I figure there’s two categories of people when it comes to visually documenting life’s memories…the ones who take a photo of everything and the ones who have a thick layer of dust on the camera sitting on the shelf. I fall into the former category. The food we ate at Brick Lane in London? Captured it. My son’s first airplane ride? Captured that, too. Standing in line at Leo Burdock’s in Dublin? Got it. The bike my husband test drove down the streets of London? Click. Why? Because it’s the little moments that you think you will remember, but I got news for you. You won’t. You think you’ll never forget, but as new memories invade your thinking cap, the only thread keeping the old ones there are visual reminders.
Make the fleeting moments last forever. Take a visual snapshot.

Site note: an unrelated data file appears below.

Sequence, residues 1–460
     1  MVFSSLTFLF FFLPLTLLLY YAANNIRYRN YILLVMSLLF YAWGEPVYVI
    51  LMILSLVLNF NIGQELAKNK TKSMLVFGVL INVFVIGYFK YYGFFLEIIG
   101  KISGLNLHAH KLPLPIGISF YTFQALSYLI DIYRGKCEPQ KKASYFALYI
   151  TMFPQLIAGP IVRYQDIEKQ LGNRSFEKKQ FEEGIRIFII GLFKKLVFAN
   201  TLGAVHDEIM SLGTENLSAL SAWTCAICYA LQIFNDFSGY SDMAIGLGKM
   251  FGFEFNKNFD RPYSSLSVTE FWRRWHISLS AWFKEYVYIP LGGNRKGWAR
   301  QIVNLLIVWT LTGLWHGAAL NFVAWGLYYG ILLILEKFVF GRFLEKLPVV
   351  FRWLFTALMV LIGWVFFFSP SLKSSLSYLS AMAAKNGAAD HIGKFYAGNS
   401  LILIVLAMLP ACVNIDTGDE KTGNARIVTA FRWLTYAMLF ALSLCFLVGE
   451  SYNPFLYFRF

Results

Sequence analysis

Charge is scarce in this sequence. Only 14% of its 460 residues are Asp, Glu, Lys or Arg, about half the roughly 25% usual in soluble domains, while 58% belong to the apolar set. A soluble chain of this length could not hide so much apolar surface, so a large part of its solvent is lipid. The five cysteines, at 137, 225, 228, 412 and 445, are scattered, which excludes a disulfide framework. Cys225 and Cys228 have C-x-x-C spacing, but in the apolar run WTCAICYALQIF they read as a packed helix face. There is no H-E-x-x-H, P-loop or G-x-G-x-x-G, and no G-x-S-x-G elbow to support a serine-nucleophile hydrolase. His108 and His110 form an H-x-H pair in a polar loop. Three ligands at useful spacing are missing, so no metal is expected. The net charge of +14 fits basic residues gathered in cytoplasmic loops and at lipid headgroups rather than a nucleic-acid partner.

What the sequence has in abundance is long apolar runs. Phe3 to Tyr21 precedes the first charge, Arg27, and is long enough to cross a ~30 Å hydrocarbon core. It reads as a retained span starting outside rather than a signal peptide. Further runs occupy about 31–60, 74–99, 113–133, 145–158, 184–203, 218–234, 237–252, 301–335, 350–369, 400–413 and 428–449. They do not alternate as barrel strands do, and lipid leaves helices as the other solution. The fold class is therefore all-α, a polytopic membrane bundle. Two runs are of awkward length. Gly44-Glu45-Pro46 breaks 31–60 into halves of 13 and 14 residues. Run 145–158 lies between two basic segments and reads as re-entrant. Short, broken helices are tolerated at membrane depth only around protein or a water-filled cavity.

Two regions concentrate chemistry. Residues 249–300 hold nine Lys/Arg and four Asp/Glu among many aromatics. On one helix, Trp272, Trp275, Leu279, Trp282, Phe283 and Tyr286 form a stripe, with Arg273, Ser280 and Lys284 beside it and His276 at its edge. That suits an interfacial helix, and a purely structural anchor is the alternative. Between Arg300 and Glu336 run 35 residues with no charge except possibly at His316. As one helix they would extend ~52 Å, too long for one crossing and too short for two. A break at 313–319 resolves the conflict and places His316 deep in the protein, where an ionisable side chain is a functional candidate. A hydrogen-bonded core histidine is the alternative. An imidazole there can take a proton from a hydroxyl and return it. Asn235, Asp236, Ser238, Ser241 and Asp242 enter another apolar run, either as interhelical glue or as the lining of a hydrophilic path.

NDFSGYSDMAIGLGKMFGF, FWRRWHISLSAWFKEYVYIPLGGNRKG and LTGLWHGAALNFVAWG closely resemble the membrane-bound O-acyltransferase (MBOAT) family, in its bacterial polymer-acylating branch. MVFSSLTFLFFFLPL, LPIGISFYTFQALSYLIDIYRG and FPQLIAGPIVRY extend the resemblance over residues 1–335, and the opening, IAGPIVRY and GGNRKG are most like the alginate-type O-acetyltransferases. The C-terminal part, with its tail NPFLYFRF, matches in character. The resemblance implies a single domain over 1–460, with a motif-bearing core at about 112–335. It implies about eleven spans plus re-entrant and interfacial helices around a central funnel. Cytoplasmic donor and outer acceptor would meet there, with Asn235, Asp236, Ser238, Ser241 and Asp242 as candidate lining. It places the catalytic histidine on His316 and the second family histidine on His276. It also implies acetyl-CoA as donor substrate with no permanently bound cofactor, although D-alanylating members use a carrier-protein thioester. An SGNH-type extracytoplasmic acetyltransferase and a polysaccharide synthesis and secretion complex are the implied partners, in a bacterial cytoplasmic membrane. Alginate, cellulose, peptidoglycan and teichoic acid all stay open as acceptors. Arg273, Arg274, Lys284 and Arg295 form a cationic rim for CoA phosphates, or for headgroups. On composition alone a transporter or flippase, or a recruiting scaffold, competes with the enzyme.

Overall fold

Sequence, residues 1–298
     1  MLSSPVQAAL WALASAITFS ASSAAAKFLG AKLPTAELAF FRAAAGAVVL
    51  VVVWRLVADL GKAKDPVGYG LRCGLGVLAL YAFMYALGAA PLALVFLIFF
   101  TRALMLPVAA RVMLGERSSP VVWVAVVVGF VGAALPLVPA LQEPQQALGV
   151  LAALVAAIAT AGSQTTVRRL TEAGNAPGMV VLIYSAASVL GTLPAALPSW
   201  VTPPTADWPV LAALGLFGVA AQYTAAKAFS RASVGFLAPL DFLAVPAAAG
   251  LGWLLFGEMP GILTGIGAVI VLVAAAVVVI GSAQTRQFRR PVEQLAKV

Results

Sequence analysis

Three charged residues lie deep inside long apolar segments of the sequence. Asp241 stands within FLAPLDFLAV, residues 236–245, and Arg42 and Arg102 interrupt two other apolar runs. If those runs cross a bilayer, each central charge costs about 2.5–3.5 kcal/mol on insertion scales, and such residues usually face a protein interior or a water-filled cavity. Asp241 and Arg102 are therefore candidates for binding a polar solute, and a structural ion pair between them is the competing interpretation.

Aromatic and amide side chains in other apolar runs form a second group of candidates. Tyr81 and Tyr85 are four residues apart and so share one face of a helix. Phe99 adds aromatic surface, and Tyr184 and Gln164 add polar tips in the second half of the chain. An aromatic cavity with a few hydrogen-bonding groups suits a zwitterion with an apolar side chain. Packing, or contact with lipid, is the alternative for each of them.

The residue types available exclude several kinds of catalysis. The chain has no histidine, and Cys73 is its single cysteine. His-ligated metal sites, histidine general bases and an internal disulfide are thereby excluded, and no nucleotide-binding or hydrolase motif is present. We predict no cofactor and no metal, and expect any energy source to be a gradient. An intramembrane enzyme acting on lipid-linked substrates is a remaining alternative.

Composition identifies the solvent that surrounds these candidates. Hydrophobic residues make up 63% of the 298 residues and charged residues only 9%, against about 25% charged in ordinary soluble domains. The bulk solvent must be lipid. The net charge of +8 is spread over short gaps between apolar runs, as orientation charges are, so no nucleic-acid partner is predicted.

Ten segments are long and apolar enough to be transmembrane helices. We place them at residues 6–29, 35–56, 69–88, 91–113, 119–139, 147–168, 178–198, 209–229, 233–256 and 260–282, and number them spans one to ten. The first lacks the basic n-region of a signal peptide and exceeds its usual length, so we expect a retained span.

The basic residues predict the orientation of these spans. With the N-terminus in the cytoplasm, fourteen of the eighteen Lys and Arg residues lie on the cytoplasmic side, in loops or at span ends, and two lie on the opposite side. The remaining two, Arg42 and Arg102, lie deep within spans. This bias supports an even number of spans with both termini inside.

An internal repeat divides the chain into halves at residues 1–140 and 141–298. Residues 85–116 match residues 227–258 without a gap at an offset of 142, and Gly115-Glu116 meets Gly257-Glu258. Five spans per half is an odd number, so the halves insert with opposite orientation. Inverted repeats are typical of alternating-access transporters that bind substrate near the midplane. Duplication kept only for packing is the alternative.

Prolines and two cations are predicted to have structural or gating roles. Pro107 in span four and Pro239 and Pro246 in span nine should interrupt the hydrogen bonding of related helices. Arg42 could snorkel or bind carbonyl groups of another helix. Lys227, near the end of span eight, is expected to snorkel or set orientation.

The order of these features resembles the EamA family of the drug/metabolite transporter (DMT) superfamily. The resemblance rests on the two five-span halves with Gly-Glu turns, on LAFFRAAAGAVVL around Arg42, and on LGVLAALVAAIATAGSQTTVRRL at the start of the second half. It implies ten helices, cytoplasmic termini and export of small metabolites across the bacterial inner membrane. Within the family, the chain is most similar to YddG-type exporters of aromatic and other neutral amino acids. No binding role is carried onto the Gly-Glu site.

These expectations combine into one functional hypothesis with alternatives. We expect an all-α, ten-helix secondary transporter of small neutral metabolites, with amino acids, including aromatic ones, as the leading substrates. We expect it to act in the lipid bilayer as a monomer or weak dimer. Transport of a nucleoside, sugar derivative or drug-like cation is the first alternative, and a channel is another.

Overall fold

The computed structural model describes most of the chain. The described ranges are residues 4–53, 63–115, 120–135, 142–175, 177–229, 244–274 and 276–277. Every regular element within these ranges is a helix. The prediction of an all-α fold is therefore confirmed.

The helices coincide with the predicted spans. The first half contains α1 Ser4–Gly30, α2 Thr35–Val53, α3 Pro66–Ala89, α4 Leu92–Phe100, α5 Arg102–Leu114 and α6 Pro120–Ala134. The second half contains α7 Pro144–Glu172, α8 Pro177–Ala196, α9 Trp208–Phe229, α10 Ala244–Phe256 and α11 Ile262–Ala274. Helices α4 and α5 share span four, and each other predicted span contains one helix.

There’s two reasons I value documenting your travels with your camera.
1. They tell a story that needs to be passed down. My husband and I traveled a lot before we had kids. Typically, twelve weeks out of the year we were traveling. We visited some awesome places like Thailand, Norway (in the dead of Winter, mind you), … >> find out more...
Part 2 of this series is all about booking a resort/hotel. I want to start packing my bags right this minute. From day one of our planning process we saved and budgeted to stay at a DisneyWorld resort. I’m admittedly biased here, but I’m happy to say that there are plenty of other decent options nearby with a good relationship with Disney. So, don’t let my biases deter you from going at all! For today, though, I’m giving my reasons for loving the Disney resorts so much that I schedule time into our trip to just to enjoy our hotel. I mean resort.